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Regions & CountriesJanuary 23, 2020 | 18:54 GMT
Oman
Oman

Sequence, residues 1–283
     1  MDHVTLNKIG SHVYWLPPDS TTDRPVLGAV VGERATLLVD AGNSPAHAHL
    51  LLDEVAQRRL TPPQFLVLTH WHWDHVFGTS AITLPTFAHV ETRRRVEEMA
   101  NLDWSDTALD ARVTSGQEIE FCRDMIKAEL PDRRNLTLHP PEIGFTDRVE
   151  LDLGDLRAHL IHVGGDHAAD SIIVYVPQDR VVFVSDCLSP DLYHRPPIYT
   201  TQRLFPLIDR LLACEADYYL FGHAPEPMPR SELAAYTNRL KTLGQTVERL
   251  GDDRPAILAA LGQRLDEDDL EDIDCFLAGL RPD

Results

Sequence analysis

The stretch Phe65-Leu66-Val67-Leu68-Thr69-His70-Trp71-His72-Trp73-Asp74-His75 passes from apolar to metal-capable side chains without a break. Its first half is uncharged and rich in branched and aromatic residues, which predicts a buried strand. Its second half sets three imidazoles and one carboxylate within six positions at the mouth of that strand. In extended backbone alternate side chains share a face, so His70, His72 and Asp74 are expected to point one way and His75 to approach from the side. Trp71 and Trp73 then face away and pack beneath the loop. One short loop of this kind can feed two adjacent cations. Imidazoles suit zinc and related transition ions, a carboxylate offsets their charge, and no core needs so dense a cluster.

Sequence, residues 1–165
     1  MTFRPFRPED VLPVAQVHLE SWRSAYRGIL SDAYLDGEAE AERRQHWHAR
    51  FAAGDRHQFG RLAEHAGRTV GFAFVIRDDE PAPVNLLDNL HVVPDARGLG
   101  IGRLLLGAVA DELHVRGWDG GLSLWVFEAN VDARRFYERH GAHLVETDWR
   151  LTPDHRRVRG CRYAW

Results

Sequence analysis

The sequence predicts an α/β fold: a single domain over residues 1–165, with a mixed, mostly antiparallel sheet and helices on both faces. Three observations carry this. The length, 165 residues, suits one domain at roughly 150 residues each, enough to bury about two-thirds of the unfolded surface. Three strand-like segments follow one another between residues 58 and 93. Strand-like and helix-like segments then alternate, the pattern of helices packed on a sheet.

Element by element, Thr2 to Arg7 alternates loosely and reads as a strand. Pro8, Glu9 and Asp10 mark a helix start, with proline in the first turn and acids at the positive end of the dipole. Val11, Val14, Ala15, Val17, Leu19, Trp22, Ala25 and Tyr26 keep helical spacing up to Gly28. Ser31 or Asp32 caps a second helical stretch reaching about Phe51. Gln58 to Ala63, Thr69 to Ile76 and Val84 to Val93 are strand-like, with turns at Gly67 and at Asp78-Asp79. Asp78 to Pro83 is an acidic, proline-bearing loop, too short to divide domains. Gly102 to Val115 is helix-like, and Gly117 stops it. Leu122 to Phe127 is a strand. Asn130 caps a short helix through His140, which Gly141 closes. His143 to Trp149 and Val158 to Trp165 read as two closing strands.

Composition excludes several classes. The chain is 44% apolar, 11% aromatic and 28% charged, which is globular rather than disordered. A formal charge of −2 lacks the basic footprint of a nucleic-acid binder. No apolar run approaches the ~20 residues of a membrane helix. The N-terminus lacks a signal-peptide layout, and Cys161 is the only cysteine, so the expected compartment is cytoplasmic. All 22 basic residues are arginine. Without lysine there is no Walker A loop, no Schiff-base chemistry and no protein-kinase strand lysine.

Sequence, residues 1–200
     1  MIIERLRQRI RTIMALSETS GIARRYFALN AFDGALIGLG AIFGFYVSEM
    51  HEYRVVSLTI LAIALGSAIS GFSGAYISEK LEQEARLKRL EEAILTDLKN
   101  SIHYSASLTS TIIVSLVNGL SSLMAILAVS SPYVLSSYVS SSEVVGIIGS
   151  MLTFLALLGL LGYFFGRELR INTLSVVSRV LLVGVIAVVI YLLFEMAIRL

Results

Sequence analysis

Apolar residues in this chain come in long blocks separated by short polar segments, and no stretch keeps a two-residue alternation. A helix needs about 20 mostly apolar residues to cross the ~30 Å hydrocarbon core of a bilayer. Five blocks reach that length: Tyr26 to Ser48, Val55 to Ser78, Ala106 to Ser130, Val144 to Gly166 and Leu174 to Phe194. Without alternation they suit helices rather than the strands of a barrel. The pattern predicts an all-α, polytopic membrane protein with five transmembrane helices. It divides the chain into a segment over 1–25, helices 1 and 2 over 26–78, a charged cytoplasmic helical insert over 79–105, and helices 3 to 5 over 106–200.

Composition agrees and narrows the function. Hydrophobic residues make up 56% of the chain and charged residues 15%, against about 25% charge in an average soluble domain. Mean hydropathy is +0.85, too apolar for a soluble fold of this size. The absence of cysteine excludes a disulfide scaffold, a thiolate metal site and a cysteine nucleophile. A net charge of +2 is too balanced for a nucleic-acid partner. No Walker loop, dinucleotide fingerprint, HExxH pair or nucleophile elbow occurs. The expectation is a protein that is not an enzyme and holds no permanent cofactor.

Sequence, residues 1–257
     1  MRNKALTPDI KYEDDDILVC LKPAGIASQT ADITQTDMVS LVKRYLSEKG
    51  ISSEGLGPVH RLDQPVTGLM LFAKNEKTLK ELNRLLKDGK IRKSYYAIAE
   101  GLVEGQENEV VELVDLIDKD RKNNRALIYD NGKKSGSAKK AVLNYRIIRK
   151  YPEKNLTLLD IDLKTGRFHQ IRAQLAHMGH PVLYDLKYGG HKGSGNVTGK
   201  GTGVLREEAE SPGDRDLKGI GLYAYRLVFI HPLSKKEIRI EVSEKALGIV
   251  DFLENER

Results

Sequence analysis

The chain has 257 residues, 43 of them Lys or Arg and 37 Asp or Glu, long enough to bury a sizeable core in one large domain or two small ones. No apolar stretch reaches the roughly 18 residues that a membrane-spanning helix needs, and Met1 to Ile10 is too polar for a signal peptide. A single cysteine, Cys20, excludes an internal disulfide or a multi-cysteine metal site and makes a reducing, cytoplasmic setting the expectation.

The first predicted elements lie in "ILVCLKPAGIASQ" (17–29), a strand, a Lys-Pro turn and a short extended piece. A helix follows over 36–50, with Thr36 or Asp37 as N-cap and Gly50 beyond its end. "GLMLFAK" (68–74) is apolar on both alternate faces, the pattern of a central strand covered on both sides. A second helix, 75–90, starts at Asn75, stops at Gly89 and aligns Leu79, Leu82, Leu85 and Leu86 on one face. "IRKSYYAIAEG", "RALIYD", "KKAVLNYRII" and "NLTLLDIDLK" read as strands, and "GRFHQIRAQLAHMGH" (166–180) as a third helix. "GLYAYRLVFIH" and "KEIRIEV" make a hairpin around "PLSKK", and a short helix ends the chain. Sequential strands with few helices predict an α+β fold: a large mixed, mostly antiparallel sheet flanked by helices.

Located at the extreme southeastern corner of the Arabian Peninsula, the Sultanate of Oman is a mix of cosmopolitan port cities, rugged mountains and a wide desert interior. Divided by mountains and deserts from neighboring Saudi Arabia, Yemen and the United Arab Emirates, Omanis have integrated themselves with other Indian Ocean communities for much of their history. With few water resources and population centers isolated by topography, Oman's geography has fostered three distinct cores. The cosmopolitan economic elite of Muscat, the tribal groups in Salalah and the Ibadi religious core in Nizwa. Maintaining unity of these cores is Oman's primary geographic challenge. Muscat, Oman's largest port and political and economic capital, is separated from the rest of the country by the Al Hajar Mountains. The al Qamar Mountains surround Salalah, Oman's second largest city and a regional tourist destination. Dhofar's mountains and dense vegetation helped harbor members of a Marxist-inspired rebellion against Muscat's rule for much of the 1960-70s. Oman's government revenues are dependent on oil and gas reserves that are located in the central desert region south of Nizwa. This region was once home to the Ibadi Imamate that clashed with the coastal-based Sultanate for centuries. The Musandam Peninsula, northwest of Muscat, places the critical shipping lanes of the Strait of Hormuz within Oman's territorial waters. The British granted Oman control over the peninsula during their withdrawal from the region in the 1970s. Positioned between Peninsular Sunni Arab and Shiite Iranian spheres of influence, Muscat has had to pursue a flexible foreign policy strategy to balance between the two regional powers. Oman has traditionally relied on the major naval power of the day — formerly the British, today the United States — to help maintain this balance and protect its sovereignty.